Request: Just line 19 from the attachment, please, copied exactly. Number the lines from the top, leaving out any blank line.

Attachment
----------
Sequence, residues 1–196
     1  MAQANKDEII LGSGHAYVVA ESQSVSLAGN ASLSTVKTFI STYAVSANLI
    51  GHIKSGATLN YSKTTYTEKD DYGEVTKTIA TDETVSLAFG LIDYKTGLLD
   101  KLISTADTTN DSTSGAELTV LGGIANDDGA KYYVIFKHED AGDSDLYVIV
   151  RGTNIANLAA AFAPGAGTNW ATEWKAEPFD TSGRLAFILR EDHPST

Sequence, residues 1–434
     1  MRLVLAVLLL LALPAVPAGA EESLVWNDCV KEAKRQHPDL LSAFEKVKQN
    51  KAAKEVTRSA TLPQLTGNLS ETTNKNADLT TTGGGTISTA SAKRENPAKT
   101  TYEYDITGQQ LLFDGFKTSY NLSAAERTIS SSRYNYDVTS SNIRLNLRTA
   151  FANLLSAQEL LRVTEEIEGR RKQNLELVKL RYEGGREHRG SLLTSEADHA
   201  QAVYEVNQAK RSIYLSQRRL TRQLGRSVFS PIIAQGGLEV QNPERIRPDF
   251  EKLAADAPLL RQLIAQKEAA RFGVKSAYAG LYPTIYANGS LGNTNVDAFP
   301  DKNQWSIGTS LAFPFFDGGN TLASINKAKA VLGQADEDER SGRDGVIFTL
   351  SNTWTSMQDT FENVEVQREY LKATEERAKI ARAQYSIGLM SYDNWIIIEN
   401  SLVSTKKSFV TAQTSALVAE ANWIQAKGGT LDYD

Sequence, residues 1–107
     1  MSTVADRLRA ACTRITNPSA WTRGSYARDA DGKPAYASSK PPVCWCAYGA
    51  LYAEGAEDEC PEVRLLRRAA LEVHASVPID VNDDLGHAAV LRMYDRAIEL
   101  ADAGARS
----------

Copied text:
   101  ADAGARS